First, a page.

The GOP's Faith-Based Climate

"America is not a planet," said Sen. Marco Rubio in response to a question on climate change during the first Republican debate. (Photo: Justin Sullivan/Getty Images)

The GOP's Faith-Based Climate

Webster's defines "faith" as a "belief that does not rest on logical proof or material evidence." Traditionally, this connotes theology. But the Republicans now offer us faith-based politics -- that intellectual lotus land where dogma, blissfully unmoored from fact, suffocates reality. One stellar example, climate change, captures the party's intricate pas de deux between ignorance and venality.

By now, denying global warming should be no more respectable than it was, 30 years ago, to assert that those hacking coughs emitting from terminal cancer patients could be ameliorated by smoking. The scientific consensus is no less compelling: a recent survey of scientific papers on the subject showed that 97 percent affirmed man-made climate change. Little wonder. Nine of the 10 hottest years on record have occurred since 2001; the tenth was three years earlier. Reaching further back, the concentration of carbon dioxide in the atmosphere has risen 40 percent since the dawn of the Industrial Revolution. The evidence accumulates -- droughts, melting ice caps, cod dying off New England, rising sea levels menacing the Florida coast. Worldwide, this will be the hottest year ever. And for those sentimentalists who care about the world we leave behind, by century's end the Persian Gulf will be close to uninhabitable. Given all that, most Republican voters are inclined to believe in climate change.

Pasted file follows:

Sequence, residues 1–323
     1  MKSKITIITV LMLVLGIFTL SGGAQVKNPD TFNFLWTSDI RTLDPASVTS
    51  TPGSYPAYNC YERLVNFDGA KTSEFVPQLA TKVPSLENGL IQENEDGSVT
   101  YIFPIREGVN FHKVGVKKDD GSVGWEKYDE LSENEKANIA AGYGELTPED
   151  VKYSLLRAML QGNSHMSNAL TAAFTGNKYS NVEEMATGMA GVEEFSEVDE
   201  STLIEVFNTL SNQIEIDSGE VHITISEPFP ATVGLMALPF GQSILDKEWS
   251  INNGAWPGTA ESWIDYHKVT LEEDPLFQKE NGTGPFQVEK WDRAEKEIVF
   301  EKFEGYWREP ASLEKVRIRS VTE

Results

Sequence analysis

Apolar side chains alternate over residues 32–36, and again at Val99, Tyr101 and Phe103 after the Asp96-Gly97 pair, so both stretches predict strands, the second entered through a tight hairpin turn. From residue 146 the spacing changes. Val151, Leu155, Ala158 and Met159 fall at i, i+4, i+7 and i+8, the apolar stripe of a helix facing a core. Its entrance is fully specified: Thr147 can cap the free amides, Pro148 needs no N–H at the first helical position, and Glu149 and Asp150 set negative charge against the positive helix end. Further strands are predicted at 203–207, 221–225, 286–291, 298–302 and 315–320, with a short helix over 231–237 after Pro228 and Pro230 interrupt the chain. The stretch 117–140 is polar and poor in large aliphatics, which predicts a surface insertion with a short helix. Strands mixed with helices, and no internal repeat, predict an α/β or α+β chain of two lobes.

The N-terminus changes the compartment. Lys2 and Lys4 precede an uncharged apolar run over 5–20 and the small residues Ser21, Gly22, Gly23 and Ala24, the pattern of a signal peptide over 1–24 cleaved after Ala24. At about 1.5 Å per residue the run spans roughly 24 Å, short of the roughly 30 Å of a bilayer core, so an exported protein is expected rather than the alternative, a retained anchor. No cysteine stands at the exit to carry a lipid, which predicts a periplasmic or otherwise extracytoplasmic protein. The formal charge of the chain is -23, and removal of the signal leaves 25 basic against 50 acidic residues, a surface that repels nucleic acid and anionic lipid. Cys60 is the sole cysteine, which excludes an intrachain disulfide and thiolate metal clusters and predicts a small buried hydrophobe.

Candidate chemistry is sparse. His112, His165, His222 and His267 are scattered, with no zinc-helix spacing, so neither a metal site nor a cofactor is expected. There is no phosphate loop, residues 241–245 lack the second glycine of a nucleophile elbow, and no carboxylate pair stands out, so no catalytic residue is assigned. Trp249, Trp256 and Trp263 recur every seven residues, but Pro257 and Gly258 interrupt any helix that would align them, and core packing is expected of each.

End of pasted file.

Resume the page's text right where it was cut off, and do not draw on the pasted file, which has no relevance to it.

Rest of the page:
But not those we would call the party's thought leaders were there any thought involved. Their cartoonish face is Senator James Inhofe, a man whose words and deeds cry out for H.L. Mencken. Global warming, he assures us, is the "greatest hoax ever perpetrated on the American people." Deriding climate science as a "secular religion," Inhofe gives us the real thing: "[A ] lot of alarmists forget God is still up there." The actual problem? It's "the arrogance of people who think that we [can] change what He is doing to the climate."

To preserve our faith in the Almighty, Inhofe and his confrere, Representative Lamar Smith of Texas, seek to prevent us from biting the apple of knowledge -- Inhofe by hostile inquisitions into federal climate research; Smith by cutting $300 million from NASA's budget in order to defund it. Inhofe's sense of the scientific method refutes the need for such extravagance, as exemplified by the priceless moment he rebutted global warming by throwing a snowball on the Senate floor. Only cynics would note that the oil and gas industry is his leading funder; a more charitable assessment of the senator's intellect and grasp of science gives one ample reason to credit his sincerity. So let us leave him in that so very sunny world where, as he tells it, "increases in global temperature may well have a beneficial effect on how we live our lives."

But one must cast a more wintry eye on his senatorial colleagues, all but five of whom opposed a resolution stating that "human activity significantly contributes to climate change." Of particular interest are two senators now widely touted as presidential finalists -- Marco Rubio and Ted Cruz.